NEW YORK -- Indians pitcher Paul Byrd met with baseball officials Monday to discuss his use of human growth hormone.It's uncertain whether Byrd will face any discipline from the Commissioner's office or when a potential punishment might be handed down. Among those at the meeting were Rob Manfred, baseball's executive vice president for labor relations, and Michael Weiner, general counsel for the players' association. Before Game 7 of the American League Championship Series in Boston, Byrd acknowledged taking HGH after the San Francisco Chronicle reported he spent nearly $25,000 on the banned drug and syringes from 2002-05. His name was included last week in the Mitchell Report on performance-enhancing drugs in baseball. The 37-year-old right-hander claims he took HGH for a medical condition and did so only under a doctor's supervision. Byrd said baseball officials knew he had been taking the drug, which he said he often stored in clubhouse refrigerators. MLB officials did not confirm they knew Byrd was taking HGH. The Chronicle reported Byrd purchased HGH while pitching for the Royals, Braves and Angels.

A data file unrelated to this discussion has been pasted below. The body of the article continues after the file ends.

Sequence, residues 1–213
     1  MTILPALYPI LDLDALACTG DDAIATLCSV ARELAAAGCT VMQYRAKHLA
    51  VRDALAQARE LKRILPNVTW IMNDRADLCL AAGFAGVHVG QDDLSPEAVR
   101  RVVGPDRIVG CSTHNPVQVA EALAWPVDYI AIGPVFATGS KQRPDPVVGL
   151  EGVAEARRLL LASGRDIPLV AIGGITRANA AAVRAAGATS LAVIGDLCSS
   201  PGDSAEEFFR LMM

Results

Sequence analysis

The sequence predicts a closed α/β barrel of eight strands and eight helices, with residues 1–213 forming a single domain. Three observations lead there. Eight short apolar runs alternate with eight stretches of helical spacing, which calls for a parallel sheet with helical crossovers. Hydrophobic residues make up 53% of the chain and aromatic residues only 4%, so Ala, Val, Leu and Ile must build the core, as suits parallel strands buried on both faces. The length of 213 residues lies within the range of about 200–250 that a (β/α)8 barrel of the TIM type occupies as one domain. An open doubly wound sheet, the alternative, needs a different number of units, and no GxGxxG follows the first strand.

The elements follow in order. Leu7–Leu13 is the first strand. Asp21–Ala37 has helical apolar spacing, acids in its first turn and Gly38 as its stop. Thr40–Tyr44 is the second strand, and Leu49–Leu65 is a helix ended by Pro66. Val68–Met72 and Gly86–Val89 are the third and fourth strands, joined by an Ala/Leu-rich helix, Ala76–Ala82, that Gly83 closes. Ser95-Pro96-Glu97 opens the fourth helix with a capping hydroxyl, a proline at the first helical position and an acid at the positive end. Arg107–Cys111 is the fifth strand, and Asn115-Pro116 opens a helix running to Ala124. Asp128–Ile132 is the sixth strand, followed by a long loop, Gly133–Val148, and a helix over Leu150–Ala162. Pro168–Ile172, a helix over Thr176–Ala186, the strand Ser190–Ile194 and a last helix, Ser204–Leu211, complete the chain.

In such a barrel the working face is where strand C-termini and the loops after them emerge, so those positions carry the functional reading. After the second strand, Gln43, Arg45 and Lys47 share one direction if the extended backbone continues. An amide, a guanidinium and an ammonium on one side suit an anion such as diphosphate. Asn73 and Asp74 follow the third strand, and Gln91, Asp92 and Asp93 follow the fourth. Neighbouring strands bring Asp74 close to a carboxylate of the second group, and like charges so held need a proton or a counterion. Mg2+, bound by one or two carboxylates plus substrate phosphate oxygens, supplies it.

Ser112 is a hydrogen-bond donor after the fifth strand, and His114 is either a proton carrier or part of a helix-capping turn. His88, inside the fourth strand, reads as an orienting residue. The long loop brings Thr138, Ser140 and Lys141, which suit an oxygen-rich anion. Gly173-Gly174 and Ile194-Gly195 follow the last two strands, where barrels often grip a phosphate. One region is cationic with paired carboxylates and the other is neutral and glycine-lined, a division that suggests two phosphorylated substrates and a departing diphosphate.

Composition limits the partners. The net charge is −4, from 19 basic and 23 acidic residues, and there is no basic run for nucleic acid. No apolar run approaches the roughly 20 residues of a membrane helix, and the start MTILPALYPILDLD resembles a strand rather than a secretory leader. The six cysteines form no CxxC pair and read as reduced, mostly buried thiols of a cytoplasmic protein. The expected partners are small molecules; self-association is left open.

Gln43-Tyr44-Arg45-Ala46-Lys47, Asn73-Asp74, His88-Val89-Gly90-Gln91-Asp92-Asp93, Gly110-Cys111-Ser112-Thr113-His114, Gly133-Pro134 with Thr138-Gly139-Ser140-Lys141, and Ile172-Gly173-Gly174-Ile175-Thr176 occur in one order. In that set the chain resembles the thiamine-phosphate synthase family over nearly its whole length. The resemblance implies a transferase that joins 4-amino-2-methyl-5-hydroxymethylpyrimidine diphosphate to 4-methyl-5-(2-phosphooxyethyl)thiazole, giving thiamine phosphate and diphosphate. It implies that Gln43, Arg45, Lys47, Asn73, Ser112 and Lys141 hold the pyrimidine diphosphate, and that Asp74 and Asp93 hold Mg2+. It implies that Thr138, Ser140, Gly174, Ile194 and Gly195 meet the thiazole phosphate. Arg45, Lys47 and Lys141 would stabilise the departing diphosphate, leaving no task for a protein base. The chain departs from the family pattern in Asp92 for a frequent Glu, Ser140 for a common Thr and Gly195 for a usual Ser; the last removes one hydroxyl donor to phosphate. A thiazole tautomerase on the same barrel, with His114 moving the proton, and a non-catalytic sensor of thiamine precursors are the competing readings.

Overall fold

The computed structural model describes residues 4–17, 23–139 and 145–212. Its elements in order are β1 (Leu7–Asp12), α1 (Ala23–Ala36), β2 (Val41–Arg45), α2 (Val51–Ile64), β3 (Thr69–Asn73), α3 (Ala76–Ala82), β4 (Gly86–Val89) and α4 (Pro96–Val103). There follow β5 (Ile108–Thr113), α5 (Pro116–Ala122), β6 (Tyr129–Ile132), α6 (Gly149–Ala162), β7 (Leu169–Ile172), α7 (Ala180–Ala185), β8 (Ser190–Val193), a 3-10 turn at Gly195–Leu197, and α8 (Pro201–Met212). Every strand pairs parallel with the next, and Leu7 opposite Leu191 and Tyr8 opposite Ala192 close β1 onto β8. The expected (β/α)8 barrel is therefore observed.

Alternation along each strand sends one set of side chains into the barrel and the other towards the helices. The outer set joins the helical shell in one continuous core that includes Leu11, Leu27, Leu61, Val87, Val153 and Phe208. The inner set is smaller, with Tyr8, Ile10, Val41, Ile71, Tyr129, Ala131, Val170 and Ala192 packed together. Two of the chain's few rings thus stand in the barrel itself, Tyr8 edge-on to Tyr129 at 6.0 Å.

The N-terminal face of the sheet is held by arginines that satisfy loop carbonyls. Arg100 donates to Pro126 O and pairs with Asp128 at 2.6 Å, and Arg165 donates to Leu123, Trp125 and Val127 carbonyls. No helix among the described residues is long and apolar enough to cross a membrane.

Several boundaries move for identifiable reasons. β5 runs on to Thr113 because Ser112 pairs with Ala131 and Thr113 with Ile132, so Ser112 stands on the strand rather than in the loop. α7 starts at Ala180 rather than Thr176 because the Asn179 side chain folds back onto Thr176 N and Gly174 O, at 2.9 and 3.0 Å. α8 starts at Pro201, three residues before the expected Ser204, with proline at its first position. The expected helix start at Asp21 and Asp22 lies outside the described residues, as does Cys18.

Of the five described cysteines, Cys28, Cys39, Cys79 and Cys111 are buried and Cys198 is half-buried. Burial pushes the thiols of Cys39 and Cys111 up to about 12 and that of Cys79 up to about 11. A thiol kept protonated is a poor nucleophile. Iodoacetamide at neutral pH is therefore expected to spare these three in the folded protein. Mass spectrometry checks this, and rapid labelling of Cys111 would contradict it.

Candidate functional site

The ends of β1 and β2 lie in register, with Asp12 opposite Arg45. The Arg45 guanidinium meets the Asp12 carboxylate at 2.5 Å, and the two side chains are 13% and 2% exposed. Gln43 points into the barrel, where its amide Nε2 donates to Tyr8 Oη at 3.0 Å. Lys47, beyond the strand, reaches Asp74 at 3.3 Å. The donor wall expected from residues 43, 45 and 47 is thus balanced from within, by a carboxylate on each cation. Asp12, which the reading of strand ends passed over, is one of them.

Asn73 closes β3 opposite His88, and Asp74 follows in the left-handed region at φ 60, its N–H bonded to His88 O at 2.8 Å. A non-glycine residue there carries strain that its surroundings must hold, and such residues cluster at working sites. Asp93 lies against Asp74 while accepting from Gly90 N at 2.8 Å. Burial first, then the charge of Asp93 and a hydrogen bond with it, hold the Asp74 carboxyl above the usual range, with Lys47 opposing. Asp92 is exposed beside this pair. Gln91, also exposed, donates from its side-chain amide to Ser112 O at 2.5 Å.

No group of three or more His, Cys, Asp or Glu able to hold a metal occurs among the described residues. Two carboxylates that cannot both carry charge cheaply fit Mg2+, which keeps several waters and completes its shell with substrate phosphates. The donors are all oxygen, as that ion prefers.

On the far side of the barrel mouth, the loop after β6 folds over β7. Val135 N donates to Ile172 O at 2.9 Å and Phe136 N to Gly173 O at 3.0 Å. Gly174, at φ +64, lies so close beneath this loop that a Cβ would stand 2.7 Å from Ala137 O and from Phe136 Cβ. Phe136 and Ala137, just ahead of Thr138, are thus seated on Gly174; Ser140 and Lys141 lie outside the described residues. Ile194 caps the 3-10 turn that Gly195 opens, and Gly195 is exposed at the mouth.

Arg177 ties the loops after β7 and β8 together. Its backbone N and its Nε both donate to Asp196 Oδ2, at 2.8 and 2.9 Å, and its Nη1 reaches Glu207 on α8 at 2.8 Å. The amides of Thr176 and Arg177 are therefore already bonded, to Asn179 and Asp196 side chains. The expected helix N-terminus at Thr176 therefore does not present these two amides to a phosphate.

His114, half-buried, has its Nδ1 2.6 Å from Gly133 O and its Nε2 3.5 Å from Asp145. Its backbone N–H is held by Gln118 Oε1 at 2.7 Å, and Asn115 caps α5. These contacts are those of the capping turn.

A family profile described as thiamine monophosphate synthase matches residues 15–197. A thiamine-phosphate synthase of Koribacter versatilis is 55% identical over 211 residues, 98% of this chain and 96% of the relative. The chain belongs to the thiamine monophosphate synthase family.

Last month, the Indians picked up Byrd's $7.5 million option for 2008. He went 15-8 with a 4.59 ERA in 31 starts this season, his most wins since 2002 with the Royals. He also was 2-0 with a 3.60 ERA in two playoff starts.This month, baseball suspended outfielders Jose Guillen and Jay Gibbons for the first 15 days of the 2008 season after their names were linked in media reports to receiving human growth hormone. The players' association filed a grievance to overturn Guillen's suspension. Gibbons chose not to fight his penalty. Rick Ankiel, Troy Glaus, Gary Matthews Jr. and Scott Schoeneweis also were linked to performance-enhancing drugs but -- before the Mitchell Report was released -- baseball decided there was "insufficient evidence" to determine they committed a doping violation. They were accused of receiving the substances before 2005. HGH was banned by baseball in 2005. The Chronicle reported that Byrd made his final purchase of HGH a week before the ban began.
This story was not subject to the approval of Major League Baseball or its clubs.